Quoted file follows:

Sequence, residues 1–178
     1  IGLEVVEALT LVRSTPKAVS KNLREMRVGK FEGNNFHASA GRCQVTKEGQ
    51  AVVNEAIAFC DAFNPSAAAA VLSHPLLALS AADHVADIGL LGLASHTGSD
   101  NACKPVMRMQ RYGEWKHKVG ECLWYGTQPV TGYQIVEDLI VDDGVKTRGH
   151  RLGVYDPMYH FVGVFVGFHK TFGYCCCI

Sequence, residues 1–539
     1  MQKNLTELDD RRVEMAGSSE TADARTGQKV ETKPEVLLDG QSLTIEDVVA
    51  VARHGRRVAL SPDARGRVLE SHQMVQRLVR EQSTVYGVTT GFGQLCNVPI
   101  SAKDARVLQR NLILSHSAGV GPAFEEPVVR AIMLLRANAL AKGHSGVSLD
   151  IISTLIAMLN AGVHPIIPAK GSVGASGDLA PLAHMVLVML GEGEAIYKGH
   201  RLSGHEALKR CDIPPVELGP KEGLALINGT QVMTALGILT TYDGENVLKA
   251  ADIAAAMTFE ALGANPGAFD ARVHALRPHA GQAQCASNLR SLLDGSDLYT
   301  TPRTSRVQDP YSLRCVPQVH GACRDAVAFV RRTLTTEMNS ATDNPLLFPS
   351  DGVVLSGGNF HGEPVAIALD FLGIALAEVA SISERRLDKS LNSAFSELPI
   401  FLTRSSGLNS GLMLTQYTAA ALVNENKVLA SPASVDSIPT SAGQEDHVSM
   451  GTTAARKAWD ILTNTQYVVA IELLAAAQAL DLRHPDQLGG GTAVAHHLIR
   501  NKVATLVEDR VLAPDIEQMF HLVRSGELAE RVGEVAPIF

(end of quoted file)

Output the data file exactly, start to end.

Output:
Sequence, residues 1–178
     1  IGLEVVEALT LVRSTPKAVS KNLREMRVGK FEGNNFHASA GRCQVTKEGQ
    51  AVVNEAIAFC DAFNPSAAAA VLSHPLLALS AADHVADIGL LGLASHTGSD
   101  NACKPVMRMQ RYGEWKHKVG ECLWYGTQPV TGYQIVEDLI VDDGVKTRGH
   151  RLGVYDPMYH FVGVFVGFHK TFGYCCCI

Sequence, residues 1–539
     1  MQKNLTELDD RRVEMAGSSE TADARTGQKV ETKPEVLLDG QSLTIEDVVA
    51  VARHGRRVAL SPDARGRVLE SHQMVQRLVR EQSTVYGVTT GFGQLCNVPI
   101  SAKDARVLQR NLILSHSAGV GPAFEEPVVR AIMLLRANAL AKGHSGVSLD
   151  IISTLIAMLN AGVHPIIPAK GSVGASGDLA PLAHMVLVML GEGEAIYKGH
   201  RLSGHEALKR CDIPPVELGP KEGLALINGT QVMTALGILT TYDGENVLKA
   251  ADIAAAMTFE ALGANPGAFD ARVHALRPHA GQAQCASNLR SLLDGSDLYT
   301  TPRTSRVQDP YSLRCVPQVH GACRDAVAFV RRTLTTEMNS ATDNPLLFPS
   351  DGVVLSGGNF HGEPVAIALD FLGIALAEVA SISERRLDKS LNSAFSELPI
   401  FLTRSSGLNS GLMLTQYTAA ALVNENKVLA SPASVDSIPT SAGQEDHVSM
   451  GTTAARKAWD ILTNTQYVVA IELLAAAQAL DLRHPDQLGG GTAVAHHLIR
   501  NKVATLVEDR VLAPDIEQMF HLVRSGELAE RVGEVAPIF